[EDITOR’S NOTE: I was Tris McCall’s editor when he was the pop-rock critic for The Star-Ledger from 2010 to 2014, so I know he’s a huge Jefferson Airplane fan. It’s no surprise that I found one of the best appreciations of the late Jefferson Airplane co-founder Paul Kantner, who died on Jan. 28, on his web site, trismccall.net. It’s part of his 26th annual Critics Poll, in which 71 area music fanatics offer their thoughts on the past year, and vote for their favorite albums and singles (Kendrick Lamar’s To Pimp a Butterfly and Drake’s “Hotline Bling” were the top vote-getters, respectively, by the way). You can read the entire 20,000-word Critics Poll report here, but Tris has given me permission to repost the part about Kantner, below. – Jay Lustig]
There was a social history course offered to sophomores in my high school. It was spring 1987; I didn’t take it. I had no interest whatsoever in the 1960s — I’d never heard of Haight-Ashbury or the Monterey Pop Festival, or the Summer of Love. I didn’t watch the news, I watched MTV, and MTV meant Debbie Gibson and Glass Tiger and “Livin’ on a Prayer.” If I was very lucky, I might catch a Suzanne Vega video. Randee of the Redwoods was my idea of what a hippie was like. Woodstock was something for grownups to reminisce about, only none of the grownups in the staid automobile suburb where I lived would have ever admitted to attending.
Then somebody sent a copy of Jefferson Airplane’s 2400 Fulton Street collection to the shopping mall record store where I worked. And I did something that I never did before or after, and, to this day, I still don’t know where I got the nerve: I stuck the two cassettes in my bookbag and dashed out.
Would Grace Slick have approved of my petty theft? Probably not. By then, she was trying to hammer out a living on mainstream radio, singing with Starship in a connection I wouldn’t make until months after my initial introduction to the Airplane. The entertainment industry runs on property rights; nobody gets any money without them. But 2400 Fulton Street told me that all my private property was target for my enemies. It seemed a reasonable outlook. It still does.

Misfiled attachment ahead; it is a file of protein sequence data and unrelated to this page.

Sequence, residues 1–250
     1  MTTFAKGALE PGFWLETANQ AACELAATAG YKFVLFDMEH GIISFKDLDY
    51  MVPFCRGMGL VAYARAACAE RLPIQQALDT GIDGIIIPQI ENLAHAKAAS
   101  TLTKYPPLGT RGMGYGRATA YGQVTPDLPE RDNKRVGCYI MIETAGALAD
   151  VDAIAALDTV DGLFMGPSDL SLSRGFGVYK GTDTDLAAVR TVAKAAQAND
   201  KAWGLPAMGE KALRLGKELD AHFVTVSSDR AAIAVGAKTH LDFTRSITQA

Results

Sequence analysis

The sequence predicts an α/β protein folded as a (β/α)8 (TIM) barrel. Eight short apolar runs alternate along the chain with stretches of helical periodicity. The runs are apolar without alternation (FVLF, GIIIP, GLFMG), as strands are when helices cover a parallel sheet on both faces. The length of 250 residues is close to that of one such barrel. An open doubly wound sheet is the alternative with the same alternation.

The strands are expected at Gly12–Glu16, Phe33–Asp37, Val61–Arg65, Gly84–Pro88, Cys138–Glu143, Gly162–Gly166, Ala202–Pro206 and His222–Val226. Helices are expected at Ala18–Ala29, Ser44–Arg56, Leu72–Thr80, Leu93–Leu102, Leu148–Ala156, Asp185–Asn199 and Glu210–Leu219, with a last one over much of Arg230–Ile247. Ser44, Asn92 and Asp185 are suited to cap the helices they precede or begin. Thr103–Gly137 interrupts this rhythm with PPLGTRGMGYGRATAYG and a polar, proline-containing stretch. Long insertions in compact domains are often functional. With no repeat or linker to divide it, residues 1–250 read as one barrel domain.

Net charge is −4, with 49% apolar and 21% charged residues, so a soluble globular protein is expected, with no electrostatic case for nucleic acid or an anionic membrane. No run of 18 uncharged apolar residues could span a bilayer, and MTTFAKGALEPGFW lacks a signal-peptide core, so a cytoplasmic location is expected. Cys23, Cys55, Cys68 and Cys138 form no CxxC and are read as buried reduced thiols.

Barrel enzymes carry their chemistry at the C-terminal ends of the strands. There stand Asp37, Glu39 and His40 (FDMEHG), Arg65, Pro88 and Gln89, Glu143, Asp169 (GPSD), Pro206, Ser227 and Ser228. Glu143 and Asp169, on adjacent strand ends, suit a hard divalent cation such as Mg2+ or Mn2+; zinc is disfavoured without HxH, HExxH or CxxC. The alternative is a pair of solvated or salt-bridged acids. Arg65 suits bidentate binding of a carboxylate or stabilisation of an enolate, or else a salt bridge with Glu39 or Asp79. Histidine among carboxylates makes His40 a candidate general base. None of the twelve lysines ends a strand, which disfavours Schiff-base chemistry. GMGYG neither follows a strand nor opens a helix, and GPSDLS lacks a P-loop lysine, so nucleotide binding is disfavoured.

I could trace the beginning of my musical education to the moment I pressed play on my cassette player in ’87 and heard the Airplane for the first time. That would be accurate, but I’m afraid that it would shortchange the band’s power. Midway through my first listen to that collection, the walls of the high school and the shopping mall and my suburban bedroom started shaking. All my life I’d been taught that black was black, white was white, sky was blue, and that was that. Paul Kantner suggested that if I was a cloud, my sky would be green. I got the point.
Remember that I knew nothing of the Airplane’s history: the first tentative flights through the San Francisco underground, the unlikely chart successes in 1966, the controversies, the collaborations, the counterculture reputation, the riots, the exhaustion, the psychedelics. The only drug I was doing at the time was Cap’n Crunch. With no context whatsoever, Jefferson Airplane spoke directly to me, trapped in the 1980s, just as they once spoke to thousands liberated in the ’60s and the ’70s. Open your mind, they said, use your imagination, do things that don’t have a name yet. The proper response to abusive authority is laughter, because that’s the one thing they can’t take, or take away from you. And if all of that makes you an outlaw in the eyes of America, well, there’s plenty of harmony on the other side of that line.
They became my favorite band. Though I considered myself surrounded by people whose ideas and values opposed mine, the Airplane was my proof that there once existed people who felt the way I did — and my promise that it could happen again. When Kantner and his bandmates raised their voices together, it sounded to me like an entire nation was singing. That nation certainly wasn’t the one I was living in. But it didn’t sound undiscoverable, either. It sounded like it was right there beyond a thin barrier; a wild world, a playful world, a world where people of all kinds could be together without losing their individual personalities. Paul Kantner’s music was, essentially, an entreaty to go out and find it — and if you couldn’t find it, go ahead and make it. Because he was generous, he even gave us a cryptic recipe, right there on his best-ever song, an anarchist’s pamphlet set to glorious music. “We must begin here and now,” he sings with his mates, “a new continent of earth and fire.” No matter what’s happened since 1967, I still believe it’s possible.